Tag Archives sustainability

How we inhabit our homes, our lives, and the planet. Architect Sarah Susanka observed that houses in the U.S. were getting larger – but some rooms were seldom occupied, and often not even furnished. She found clients frequently did not get the immense satisfaction they expected from living in their “dream house.” How this relates to the way we inhabit our lives, and even the planet, is the subject of this conversation. Sarah Susanka’s observations of Americans’ dissatisfaction with their…

Relocalization may be the most important strategy for minimizing climate change. According to Bill McKibben, “working as communities is the most important thing that we can be doing right now.” In this wide-ranging conversation about the sustainability of our civilization, McKibben shares his thinking about much more than climate change, including the fact that having “more” is not necessarily the key to our happiness. For a long time more and better were pretty much in the same direction….But sometime, and…

Robust economic growth has become the Holy Grail of public policy and politics. But some economists and many scientists have come to believe growth has become “uneconomic." Former World Bank Senior Economist Herman Daly explains this in terms we can all understand. The economy is a sub-system of a larger system. The larger system being the biosphere, the environment. The biosphere is finite, non-growing, materially closed. We get a flow of solar energy coming in, but it's not growing, either.…

One of the ways that radical ideas become more mainstream is when those of us who hold them aren’t afraid to speak about them.” This thought has guided much of journalism professor Robert Jensen’s work. His writing and speaking often focus on the news that “we live in an economy that is based on the destruction of places all over world.” In this 2015 interview, Jensen explains what he calls “an unprecedented set of threats to the possibility of ongoing,…

Our ecosystems contribute tens of trillions of dollars to our economy every year, but – as L. Hunter Lovins notes... At present we’re losing every major ecosystem on the planet…What are we doing to ourselves?...We have the…intelligence…to make different choices.” In this interview, she outlines those choices and shares how they benefit businesses and the planet. Hunter Lovins co-authored the best-selling book, Natural Capitalism, with Paul Hawken and Amory Lovins. One of the biggest challenges to living sustainably, says Lovins,…

Today it could be argued that human beings daily act against our own self-interest. How? Biologist Paul Ehrlich and fellow scientists tell us we are expanding our population and economy beyond the Earth's carrying capacity– at our peril. Why do we insist on continuing? Humanity in the last few hundred years has become the dominant animal on this planet. We are changing...the atmosphere to the point where we’re threatening our very sustainability, we are now mobilizing most minerals more rapidly…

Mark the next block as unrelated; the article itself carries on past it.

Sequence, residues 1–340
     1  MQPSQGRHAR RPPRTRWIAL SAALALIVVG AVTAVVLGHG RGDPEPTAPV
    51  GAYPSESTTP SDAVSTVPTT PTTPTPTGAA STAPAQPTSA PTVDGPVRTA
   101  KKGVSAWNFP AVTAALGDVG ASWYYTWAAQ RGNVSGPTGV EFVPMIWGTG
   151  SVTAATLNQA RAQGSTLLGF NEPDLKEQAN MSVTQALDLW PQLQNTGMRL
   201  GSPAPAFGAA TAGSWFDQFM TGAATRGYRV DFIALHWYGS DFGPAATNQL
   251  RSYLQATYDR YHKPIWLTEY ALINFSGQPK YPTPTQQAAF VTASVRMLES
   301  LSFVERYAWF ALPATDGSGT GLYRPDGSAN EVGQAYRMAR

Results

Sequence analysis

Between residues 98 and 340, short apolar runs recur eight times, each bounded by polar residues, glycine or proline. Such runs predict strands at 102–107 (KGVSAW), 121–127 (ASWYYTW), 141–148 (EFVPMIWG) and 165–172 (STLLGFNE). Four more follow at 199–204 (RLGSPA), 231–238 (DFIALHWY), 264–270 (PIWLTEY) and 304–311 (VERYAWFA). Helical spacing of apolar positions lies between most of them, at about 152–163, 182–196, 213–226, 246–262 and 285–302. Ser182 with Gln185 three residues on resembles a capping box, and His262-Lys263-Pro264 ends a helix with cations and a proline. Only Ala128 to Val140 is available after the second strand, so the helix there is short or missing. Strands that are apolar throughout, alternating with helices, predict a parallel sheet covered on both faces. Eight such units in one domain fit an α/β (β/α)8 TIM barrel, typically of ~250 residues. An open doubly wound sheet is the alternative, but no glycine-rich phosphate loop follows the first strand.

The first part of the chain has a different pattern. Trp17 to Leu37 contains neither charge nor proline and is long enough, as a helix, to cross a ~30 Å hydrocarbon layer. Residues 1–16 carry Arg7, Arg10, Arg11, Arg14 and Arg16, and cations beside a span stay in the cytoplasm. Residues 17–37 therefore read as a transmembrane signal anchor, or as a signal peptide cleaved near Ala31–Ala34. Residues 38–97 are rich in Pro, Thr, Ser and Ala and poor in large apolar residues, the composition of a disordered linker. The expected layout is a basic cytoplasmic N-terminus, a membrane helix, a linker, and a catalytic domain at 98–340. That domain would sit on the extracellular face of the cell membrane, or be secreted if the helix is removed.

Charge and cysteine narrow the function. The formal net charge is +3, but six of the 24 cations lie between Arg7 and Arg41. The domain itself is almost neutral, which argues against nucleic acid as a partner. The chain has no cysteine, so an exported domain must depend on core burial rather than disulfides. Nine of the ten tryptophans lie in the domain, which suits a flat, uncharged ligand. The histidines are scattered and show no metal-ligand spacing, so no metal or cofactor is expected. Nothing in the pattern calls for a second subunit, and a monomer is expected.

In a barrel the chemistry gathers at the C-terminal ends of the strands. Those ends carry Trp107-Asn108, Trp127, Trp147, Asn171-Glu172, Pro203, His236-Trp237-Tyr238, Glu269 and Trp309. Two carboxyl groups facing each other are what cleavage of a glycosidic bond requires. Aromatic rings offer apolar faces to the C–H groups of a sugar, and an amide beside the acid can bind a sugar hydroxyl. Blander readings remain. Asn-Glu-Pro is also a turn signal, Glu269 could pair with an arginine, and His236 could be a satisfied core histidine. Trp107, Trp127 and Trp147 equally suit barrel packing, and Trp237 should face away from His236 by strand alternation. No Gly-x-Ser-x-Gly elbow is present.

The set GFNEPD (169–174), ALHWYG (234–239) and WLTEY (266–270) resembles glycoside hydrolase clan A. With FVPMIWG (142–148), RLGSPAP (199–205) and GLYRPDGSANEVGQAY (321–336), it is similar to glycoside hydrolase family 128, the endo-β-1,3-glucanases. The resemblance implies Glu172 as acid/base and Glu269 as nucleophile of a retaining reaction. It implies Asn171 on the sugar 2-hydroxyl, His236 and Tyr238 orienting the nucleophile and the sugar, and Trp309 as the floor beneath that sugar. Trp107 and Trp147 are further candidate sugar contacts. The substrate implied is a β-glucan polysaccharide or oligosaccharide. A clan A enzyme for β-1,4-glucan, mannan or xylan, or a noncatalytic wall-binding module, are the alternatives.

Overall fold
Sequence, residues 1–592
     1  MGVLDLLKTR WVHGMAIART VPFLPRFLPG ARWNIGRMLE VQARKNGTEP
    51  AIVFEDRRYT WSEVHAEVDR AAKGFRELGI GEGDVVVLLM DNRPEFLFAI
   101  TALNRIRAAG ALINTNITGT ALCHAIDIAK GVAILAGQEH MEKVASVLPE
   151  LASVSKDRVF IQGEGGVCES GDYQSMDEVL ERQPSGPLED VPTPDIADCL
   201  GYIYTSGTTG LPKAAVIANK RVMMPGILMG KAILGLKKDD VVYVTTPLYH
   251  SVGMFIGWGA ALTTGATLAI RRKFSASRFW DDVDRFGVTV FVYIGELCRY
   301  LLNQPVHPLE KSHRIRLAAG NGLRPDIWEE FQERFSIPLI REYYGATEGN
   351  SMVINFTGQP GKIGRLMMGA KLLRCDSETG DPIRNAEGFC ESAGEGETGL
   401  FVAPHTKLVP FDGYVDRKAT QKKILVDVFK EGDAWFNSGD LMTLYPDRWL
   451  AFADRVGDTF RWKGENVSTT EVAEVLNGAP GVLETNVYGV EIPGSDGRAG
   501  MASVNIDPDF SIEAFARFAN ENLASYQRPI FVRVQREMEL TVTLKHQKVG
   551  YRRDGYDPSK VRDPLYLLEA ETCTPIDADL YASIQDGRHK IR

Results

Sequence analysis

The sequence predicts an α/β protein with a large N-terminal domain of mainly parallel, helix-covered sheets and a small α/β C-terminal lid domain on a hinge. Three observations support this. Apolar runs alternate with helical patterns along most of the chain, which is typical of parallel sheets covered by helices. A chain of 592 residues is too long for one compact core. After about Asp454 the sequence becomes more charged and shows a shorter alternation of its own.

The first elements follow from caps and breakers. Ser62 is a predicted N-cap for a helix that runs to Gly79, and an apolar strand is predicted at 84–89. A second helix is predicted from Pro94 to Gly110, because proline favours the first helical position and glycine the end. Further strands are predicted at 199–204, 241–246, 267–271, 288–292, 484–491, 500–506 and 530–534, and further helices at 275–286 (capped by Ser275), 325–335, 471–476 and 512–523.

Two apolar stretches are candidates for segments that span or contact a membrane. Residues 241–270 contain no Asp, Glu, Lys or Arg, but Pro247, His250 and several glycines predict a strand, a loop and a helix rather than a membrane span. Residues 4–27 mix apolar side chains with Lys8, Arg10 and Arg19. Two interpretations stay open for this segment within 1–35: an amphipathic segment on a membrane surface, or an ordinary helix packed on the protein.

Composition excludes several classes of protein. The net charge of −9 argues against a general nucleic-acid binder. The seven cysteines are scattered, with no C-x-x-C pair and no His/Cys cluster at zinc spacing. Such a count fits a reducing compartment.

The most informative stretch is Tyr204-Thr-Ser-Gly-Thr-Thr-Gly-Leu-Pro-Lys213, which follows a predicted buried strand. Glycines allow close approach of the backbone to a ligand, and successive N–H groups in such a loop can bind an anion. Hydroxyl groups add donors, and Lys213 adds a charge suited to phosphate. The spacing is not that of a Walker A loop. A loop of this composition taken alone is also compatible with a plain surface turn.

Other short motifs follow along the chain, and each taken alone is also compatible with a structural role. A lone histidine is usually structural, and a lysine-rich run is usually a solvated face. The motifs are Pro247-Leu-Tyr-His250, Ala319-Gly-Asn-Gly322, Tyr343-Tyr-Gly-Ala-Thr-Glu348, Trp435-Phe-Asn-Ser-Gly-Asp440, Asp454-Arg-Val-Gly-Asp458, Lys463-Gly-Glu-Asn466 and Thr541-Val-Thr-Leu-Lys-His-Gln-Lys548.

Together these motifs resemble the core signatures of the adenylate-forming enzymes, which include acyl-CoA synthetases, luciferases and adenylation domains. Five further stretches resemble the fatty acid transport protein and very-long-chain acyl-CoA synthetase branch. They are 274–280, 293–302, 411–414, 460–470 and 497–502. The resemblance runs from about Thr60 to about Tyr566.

Rex Weyler has lived the life dreamed of by those who want to make a difference. As a young man he joined early Greenpeace expeditions to document and stop commercial whaling. He went on to co-found Greenpeace International, and as a journalist has covered the subject of ecology extensively. The human machine is just steamrolling…toward disaster.” Weyler has lived a rich life and has a keen understanding of the source of joy, but there is sadness in his voice when…

Lorna Salzman has the chops to be an outspoken critic of many in the modern environmental movement. She played a key role in the early days of Friends of the Earth alongside David Brower (the first executive director of the Sierra Club), beginning a 40-year career as an environmental activist, writer, lecturer and organizer. A contender for the Green Party presidential nomination in 2004, Salzman is an iconoclast in every sense of the word. In this 2010 interview we hear…

How big is your ecological footprint? Probably bigger than you think. After all, out of sight, out of mind. As an originator of ecological footprint analysis, population ecologist William Rees knows a thing or two about our impact on the planet. In this interview he provides some fascinating, and surprising insights. This is one of our best episodes from season one. We're sharing these while we take a break between seasons 2 and 3. Help ensure there IS a season…

“I don’t think there’s a lot of excuses, frankly, for not doing the right thing.” Anishinaabe orator, author, economist and activist Winona LaDuke doesn’t mince words in her quest to light a path for us to “hang around another thousand years.” Winona observes that we are “doing things only addicts would do,” including sedating ourselves with a lot of information and television. “Your ecosystem seems to be your mall,” LaDuke tell us. Are you enjoying tapping the brightest minds on…

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